Since 2009, Kallstrom Sweet Corn has satisfied corn lovers near and far.

Although the Quincy area may not be known for its tourism draw, one attraction that stands out are the numerous Kallstrom Sweet Corn stands dotting the local towns throughout the summer and early fall months.

There are five in total; two in Moses Lake, and one each in Quincy, Ephrata and Wenatchee, Mark Kallstrom, owner of the farm. Other towns such as Cle Elum, Roslyn and the Tri Cities have requested stands be placed in their cities. The stands are very mobile as they are attached to trucks.

“We try to make it like a tourist attraction,” Kallstrom said.

Since 2009, the Kallstrom corn has satisfied the sweet tooth of corn lovers far and wide. In that first year, Kallstrom, along with the help of his wife Elaine, their four kids and other part time workers hand picked 30 acres of corn. The farm now employs about 15 part-time workers, many are college students, and most have been working with the Kallstroms for a few years.

The heart of the business are the line workers and the sellers at the stands, Kallstrom said. Some customers visit the stands just to chat with the sellers, which he attributed to their great customer service.

“Without them, we couldn’t make this go,” Kallstrom said. “We seem to attract great people.”

Other than the part-time employees, the farm is really a family operation. All four of the Kallstrom kids help in one or another whether it be sales and marketing, or running sorting and picking crews.

Although grown locally on a farm between Quincy and Ephrata, the sweet corn has made its way to areas such as Spokane, Wenatchee, Blewett Pass, Chelan, Manson, Issaquah, restaurants in the San Juan Islands, and as far east as Moscow, Idaho. Some customers even ship the corn to other states such as Wyoming and Alaska, Kallstrom added.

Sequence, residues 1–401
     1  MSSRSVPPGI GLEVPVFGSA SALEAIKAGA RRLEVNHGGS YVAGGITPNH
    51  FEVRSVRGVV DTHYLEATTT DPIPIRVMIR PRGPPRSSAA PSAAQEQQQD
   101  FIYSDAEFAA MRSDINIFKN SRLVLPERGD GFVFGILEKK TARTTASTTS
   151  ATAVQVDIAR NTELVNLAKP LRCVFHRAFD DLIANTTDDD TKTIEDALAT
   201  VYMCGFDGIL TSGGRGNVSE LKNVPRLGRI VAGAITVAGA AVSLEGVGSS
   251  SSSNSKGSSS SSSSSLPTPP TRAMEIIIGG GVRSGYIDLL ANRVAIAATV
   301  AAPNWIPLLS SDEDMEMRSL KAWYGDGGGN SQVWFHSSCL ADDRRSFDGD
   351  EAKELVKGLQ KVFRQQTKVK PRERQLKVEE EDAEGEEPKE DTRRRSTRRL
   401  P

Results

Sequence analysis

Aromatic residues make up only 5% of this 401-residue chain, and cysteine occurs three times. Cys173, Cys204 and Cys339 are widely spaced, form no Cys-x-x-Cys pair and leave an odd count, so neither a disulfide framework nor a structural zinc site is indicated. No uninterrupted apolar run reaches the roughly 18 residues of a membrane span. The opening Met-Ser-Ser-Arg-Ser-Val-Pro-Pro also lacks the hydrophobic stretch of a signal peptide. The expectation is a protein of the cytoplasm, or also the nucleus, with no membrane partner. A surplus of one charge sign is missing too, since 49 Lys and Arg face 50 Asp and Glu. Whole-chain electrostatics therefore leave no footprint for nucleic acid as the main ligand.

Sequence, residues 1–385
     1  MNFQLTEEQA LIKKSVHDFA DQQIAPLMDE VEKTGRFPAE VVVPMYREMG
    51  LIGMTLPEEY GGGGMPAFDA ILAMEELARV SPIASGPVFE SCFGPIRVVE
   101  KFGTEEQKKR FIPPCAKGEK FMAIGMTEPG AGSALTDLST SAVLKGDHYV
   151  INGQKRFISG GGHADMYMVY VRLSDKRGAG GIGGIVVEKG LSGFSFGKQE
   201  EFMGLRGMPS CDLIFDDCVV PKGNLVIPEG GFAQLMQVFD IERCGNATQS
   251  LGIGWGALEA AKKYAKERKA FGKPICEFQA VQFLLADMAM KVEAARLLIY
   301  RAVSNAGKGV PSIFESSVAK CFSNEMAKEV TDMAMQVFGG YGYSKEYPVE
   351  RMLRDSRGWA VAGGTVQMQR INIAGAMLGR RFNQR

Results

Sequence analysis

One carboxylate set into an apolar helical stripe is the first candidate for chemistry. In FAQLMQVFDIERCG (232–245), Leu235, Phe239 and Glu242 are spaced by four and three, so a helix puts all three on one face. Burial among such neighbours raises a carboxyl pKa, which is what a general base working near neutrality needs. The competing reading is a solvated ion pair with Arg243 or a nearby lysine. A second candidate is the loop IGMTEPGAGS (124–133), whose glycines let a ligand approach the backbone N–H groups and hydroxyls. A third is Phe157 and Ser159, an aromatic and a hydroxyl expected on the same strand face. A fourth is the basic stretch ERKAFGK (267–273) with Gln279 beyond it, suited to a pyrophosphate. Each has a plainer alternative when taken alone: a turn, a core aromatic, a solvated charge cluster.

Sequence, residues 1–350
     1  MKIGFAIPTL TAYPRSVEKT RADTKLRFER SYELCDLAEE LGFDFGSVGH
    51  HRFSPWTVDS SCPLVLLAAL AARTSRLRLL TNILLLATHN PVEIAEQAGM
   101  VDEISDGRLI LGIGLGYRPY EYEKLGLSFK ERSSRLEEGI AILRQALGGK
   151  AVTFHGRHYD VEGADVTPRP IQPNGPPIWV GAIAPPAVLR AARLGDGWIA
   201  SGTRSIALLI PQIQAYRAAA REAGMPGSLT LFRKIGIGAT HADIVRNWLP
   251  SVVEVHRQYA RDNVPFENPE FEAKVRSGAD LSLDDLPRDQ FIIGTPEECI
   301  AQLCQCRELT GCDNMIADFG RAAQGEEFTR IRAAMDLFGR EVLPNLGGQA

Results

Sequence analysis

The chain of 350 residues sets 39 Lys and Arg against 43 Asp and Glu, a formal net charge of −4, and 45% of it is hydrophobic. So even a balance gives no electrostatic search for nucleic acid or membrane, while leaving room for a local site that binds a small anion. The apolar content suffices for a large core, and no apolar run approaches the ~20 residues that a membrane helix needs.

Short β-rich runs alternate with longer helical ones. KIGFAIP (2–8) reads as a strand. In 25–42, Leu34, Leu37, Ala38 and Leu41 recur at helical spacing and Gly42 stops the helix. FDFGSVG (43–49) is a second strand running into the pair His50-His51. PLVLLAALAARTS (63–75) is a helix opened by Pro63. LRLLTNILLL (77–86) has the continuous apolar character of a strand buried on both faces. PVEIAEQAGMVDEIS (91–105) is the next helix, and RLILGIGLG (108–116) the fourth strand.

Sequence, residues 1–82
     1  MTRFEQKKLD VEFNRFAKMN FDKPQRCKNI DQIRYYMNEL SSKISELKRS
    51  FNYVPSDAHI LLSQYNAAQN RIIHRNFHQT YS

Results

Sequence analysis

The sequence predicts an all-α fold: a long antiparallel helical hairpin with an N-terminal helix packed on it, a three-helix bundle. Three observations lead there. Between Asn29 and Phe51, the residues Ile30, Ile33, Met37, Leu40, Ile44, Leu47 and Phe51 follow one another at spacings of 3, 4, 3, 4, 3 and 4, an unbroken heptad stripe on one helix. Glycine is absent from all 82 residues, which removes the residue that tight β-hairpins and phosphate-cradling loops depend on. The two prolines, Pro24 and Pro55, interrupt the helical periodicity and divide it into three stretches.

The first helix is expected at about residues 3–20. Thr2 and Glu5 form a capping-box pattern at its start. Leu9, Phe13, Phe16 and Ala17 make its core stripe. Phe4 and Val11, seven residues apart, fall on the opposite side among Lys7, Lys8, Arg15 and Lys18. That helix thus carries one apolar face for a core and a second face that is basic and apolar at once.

“I think it’s a comfort food,” Kallstrom said. “Coffee, McDonalds and corn are the comfort foods.”

Kallstrom corn’s popularity doesn’t just come from its quality, and the family only advertises on social media every once in a while. Most of Kallstrom’s advertising comes from word-of-mouth from their customers, he said.

This is especially true with “Love Thy Neighbor Days,” a promotion in which Kallstrom will match your purchase of corn up to a dozen ears if you promise to share it with a neighbor. This is the fifth year Kallstrom has done the promotion and they have seen great success.

“It’s gone over pretty well, actually fantastic,” Kallstrom said, especially for one man who shared corn with a neighbor and ended up marrying her.

Kallstrom’s sweet corn is harvested from July to early fall, and the busiest time of the summer is usually August. Kallstrom grows all non-GMO corn and 90 different varieties of it. Each plant averages one ear of corn, but sometimes can produce two, said Kallstrom, adding, “farming is not an exact science like making a candy bar.”

“We strive to get the best quality,” he said. “It doesn’t happen by itself. It’s a lot of work

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